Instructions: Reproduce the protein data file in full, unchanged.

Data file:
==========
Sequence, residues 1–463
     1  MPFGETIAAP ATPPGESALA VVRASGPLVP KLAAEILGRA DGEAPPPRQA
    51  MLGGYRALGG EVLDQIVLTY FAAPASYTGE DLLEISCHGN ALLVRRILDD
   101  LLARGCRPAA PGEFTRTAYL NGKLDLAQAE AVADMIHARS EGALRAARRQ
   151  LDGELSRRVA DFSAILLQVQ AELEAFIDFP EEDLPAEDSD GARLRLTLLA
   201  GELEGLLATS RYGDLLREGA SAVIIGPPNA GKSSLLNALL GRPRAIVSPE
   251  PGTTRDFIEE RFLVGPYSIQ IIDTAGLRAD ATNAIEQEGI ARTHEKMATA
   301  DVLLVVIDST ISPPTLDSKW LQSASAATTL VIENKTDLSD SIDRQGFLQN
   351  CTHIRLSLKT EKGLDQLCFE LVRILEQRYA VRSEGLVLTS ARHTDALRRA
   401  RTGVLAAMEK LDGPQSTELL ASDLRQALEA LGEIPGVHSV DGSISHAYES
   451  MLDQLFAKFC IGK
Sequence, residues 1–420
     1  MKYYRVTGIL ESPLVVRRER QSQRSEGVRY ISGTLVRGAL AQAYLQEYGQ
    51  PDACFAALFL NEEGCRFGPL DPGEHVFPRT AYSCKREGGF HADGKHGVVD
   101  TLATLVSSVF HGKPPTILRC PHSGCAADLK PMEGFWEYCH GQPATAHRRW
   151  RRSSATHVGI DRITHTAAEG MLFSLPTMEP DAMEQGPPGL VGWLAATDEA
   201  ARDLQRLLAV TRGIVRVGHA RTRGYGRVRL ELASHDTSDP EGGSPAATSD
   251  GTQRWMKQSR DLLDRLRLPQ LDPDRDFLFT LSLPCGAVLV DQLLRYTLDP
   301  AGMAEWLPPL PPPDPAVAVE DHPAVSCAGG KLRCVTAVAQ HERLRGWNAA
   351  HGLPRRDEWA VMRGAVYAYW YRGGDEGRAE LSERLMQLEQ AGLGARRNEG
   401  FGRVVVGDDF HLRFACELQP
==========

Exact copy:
Sequence, residues 1–463
     1  MPFGETIAAP ATPPGESALA VVRASGPLVP KLAAEILGRA DGEAPPPRQA
    51  MLGGYRALGG EVLDQIVLTY FAAPASYTGE DLLEISCHGN ALLVRRILDD
   101  LLARGCRPAA PGEFTRTAYL NGKLDLAQAE AVADMIHARS EGALRAARRQ
   151  LDGELSRRVA DFSAILLQVQ AELEAFIDFP EEDLPAEDSD GARLRLTLLA
   201  GELEGLLATS RYGDLLREGA SAVIIGPPNA GKSSLLNALL GRPRAIVSPE
   251  PGTTRDFIEE RFLVGPYSIQ IIDTAGLRAD ATNAIEQEGI ARTHEKMATA
   301  DVLLVVIDST ISPPTLDSKW LQSASAATTL VIENKTDLSD SIDRQGFLQN
   351  CTHIRLSLKT EKGLDQLCFE LVRILEQRYA VRSEGLVLTS ARHTDALRRA
   401  RTGVLAAMEK LDGPQSTELL ASDLRQALEA LGEIPGVHSV DGSISHAYES
   451  MLDQLFAKFC IGK
Sequence, residues 1–420
     1  MKYYRVTGIL ESPLVVRRER QSQRSEGVRY ISGTLVRGAL AQAYLQEYGQ
    51  PDACFAALFL NEEGCRFGPL DPGEHVFPRT AYSCKREGGF HADGKHGVVD
   101  TLATLVSSVF HGKPPTILRC PHSGCAADLK PMEGFWEYCH GQPATAHRRW
   151  RRSSATHVGI DRITHTAAEG MLFSLPTMEP DAMEQGPPGL VGWLAATDEA
   201  ARDLQRLLAV TRGIVRVGHA RTRGYGRVRL ELASHDTSDP EGGSPAATSD
   251  GTQRWMKQSR DLLDRLRLPQ LDPDRDFLFT LSLPCGAVLV DQLLRYTLDP
   301  AGMAEWLPPL PPPDPAVAVE DHPAVSCAGG KLRCVTAVAQ HERLRGWNAA
   351  HGLPRRDEWA VMRGAVYAYW YRGGDEGRAE LSERLMQLEQ AGLGARRNEG
   401  FGRVVVGDDF HLRFACELQP